One thing you notice right away if you visit Lancaster County for the first time–especially when comparing it to just about any other Amish settlement–is how congested it is.


There are a lot of people in what is supposedly a ‘rural’ county–nearly half-a-million.  Some time ago, locals became concerned with what would happen if land pressures eventually caused the ‘garden spot of America’ to end up just like any other patch of suburbia.

A combination of government and private groups today work to preserve the rural character of the county.

One way is by buying, then retiring, development rights to farmland.  This assures that farms, some of which were acquired directly from William Penn, will not be transformed into cookie-cutter developments, a process evident in many parts of the county already.

Thanks to David Carrig for the link to a Philadelphia Inquirer article on how Lancaster and Chester County Amish community have dealt with the issue of farm preservation (no longer online).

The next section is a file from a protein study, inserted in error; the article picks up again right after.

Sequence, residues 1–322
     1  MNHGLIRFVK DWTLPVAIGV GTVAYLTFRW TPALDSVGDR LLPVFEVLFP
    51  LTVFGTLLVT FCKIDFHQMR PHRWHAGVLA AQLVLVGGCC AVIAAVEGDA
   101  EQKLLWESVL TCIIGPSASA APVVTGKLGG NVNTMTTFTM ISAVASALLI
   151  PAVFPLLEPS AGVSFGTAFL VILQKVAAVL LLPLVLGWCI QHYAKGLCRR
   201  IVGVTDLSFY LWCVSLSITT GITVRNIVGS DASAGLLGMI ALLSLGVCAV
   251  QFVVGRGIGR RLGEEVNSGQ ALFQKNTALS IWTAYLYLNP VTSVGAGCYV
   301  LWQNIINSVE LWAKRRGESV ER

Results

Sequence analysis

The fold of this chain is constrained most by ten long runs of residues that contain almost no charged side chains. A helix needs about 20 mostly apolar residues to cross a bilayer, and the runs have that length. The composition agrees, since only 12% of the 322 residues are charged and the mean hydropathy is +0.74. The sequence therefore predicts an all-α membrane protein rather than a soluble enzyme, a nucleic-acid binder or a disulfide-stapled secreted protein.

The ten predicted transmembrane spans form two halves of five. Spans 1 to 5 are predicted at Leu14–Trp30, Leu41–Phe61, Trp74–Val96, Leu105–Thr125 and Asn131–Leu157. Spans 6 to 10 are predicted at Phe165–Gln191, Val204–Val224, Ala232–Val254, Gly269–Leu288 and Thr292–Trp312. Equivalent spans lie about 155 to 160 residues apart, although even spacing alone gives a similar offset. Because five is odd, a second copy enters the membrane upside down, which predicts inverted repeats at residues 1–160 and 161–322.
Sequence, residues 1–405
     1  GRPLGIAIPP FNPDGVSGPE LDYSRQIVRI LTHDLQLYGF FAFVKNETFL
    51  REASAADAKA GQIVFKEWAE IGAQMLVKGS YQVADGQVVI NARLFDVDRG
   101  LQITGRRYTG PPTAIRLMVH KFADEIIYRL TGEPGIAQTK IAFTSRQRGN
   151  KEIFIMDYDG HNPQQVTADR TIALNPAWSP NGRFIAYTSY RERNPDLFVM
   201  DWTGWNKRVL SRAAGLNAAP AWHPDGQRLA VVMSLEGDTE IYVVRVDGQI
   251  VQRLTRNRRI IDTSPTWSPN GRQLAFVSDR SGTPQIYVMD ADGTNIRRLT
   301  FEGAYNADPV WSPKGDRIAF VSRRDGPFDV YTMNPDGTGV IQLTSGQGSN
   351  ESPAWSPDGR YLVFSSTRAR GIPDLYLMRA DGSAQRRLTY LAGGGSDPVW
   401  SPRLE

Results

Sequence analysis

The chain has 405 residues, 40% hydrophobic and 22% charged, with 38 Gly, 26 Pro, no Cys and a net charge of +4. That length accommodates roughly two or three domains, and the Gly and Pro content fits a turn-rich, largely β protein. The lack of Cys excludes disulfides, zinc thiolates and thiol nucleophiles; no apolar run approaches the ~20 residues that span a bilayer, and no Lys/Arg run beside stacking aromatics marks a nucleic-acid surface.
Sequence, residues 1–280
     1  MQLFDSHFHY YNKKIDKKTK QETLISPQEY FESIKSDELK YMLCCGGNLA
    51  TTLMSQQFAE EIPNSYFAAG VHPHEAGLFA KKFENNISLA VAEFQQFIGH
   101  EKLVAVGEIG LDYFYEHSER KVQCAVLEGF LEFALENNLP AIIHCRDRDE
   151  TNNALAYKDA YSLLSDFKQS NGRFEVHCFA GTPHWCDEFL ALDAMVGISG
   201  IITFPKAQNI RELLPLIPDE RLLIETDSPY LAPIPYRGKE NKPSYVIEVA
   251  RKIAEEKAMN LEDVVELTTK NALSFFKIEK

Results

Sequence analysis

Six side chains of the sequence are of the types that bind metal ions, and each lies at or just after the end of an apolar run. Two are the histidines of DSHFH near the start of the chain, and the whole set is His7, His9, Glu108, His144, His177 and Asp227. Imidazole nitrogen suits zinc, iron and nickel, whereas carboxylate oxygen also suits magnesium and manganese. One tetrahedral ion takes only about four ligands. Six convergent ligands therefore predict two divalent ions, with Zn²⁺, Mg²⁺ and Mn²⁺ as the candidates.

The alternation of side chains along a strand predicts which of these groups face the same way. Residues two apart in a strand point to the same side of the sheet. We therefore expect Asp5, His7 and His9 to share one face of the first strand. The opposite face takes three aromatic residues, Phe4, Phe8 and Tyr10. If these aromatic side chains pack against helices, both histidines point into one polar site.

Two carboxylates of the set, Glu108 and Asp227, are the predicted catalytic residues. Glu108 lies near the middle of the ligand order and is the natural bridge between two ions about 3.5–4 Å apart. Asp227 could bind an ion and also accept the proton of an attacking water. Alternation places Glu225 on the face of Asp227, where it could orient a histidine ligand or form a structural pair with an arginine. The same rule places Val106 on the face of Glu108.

Despite some initial reluctance to ‘getting something for nothing’, a lot more Amish have signed up and transferred development rights to the trust.  As it says in the article, some are starting to see it as not only preserving the land but also the Amish culture.

One thing’s for sure.  With rights to some farms selling in the hundreds of thousands of dollars, it’s not a bad time to be a landowner in Lancaster County.

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